College and Magnolia (Auburn): I’ll go with Ole Miss. On paper, the Rebels have a ton of talent, but part of me still says, "yeah, but it’s Ole Miss." Looking at the schedule, anything between 6-6 and 9-3 appears to be a realistic possibility for Mr. Freeze’s team. Will the Rebs do the typical Ole Miss thing and underachieve, or will the results match the talent and make them a real player in the West?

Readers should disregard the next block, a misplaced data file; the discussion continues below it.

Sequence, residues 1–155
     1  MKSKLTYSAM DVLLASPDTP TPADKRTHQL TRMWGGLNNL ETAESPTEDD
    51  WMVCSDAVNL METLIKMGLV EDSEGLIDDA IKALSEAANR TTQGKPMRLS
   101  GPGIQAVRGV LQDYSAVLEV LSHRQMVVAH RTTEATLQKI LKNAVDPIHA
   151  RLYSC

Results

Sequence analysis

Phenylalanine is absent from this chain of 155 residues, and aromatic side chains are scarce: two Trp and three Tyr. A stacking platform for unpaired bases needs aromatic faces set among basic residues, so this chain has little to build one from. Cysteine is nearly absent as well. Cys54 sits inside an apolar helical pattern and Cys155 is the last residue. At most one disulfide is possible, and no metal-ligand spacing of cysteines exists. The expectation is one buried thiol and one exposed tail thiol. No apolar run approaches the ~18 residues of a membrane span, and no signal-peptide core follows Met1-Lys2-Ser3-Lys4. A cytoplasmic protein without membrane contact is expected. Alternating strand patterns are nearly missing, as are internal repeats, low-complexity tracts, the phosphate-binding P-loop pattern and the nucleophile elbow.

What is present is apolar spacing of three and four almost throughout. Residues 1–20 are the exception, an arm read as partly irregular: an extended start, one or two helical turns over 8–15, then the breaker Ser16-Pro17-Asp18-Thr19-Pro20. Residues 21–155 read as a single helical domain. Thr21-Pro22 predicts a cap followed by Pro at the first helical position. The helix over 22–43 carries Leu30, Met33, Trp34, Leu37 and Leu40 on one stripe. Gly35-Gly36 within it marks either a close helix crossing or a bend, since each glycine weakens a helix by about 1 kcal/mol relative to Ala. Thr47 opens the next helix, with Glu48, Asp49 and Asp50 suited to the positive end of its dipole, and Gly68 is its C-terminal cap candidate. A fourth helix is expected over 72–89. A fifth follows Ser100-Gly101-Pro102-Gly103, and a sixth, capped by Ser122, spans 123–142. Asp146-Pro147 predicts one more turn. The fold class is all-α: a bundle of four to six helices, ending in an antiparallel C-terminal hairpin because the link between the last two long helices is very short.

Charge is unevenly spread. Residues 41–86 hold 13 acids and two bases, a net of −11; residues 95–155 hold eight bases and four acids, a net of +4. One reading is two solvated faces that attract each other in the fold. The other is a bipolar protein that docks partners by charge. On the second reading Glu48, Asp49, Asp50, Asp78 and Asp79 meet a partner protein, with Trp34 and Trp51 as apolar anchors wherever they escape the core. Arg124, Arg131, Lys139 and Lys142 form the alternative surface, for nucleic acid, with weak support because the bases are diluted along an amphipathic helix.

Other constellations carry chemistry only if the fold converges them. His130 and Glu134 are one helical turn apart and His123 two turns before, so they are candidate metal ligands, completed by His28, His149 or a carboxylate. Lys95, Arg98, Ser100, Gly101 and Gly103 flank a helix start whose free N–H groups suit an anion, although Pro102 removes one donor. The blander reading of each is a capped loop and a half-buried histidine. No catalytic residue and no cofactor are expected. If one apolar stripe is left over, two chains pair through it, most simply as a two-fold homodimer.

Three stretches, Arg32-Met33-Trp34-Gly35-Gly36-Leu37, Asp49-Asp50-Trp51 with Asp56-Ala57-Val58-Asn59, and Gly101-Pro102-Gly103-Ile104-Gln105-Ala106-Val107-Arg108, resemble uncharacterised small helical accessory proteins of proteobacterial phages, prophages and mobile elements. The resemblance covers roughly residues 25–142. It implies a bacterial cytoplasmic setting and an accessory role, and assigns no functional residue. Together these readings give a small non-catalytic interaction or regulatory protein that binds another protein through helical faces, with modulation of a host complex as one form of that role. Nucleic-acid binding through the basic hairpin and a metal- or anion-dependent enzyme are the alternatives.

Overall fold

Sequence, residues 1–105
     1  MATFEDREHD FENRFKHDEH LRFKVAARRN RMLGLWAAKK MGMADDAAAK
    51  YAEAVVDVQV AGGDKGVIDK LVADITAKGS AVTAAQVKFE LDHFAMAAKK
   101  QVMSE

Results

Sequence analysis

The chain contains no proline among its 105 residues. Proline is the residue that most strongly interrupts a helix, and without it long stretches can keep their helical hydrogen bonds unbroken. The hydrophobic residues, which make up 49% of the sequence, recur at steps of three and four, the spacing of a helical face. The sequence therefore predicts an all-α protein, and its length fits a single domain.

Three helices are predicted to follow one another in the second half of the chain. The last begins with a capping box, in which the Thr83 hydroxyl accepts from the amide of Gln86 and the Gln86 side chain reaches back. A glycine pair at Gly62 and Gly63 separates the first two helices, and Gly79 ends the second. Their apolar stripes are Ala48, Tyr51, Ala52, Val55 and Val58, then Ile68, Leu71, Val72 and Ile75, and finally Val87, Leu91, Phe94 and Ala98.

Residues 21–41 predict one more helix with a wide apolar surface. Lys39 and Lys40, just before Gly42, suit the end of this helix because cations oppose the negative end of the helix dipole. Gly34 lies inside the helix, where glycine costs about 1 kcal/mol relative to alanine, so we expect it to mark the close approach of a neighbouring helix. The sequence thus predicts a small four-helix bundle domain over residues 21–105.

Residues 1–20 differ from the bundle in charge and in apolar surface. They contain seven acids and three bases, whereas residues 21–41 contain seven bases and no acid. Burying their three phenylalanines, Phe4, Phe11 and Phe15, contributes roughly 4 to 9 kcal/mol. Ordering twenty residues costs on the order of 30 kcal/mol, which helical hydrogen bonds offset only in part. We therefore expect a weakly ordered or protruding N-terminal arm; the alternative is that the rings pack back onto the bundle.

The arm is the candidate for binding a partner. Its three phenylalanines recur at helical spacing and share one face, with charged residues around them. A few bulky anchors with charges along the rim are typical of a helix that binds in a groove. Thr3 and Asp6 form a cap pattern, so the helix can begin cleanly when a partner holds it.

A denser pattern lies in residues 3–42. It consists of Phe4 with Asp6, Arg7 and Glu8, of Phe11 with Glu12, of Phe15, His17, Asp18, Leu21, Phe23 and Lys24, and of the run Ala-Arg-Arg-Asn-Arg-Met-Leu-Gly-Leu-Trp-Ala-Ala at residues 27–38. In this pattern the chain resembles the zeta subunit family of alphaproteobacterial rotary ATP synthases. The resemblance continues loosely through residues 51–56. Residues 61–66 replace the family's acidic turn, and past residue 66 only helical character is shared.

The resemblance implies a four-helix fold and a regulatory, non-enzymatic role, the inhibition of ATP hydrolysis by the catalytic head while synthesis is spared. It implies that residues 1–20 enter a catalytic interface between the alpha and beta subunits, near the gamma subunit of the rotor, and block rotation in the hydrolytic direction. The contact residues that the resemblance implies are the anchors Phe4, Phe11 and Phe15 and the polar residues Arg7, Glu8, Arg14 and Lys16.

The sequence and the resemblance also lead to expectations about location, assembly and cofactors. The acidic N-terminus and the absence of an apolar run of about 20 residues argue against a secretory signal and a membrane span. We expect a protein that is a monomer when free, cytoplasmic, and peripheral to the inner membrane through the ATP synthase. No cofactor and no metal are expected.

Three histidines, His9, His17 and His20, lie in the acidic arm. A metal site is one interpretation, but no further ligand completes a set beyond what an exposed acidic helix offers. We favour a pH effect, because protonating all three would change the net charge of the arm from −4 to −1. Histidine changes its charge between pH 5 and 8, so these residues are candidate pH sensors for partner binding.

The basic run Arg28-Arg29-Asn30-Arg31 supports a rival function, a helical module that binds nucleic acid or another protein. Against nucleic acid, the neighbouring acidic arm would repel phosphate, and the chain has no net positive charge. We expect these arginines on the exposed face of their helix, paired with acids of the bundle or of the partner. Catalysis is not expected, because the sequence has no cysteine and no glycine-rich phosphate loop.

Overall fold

Garnet and Black Attack (South Carolina): Georgia. Obviously, they should be a good team, and they should have one of the best offenses in the country. Their defense is a huge question mark, though. They lose so much talent, and while they've recruited well enough to reload quickly, it's going to have to meld really quick for them to compete for a national title because the first two games come against top-10 opponents.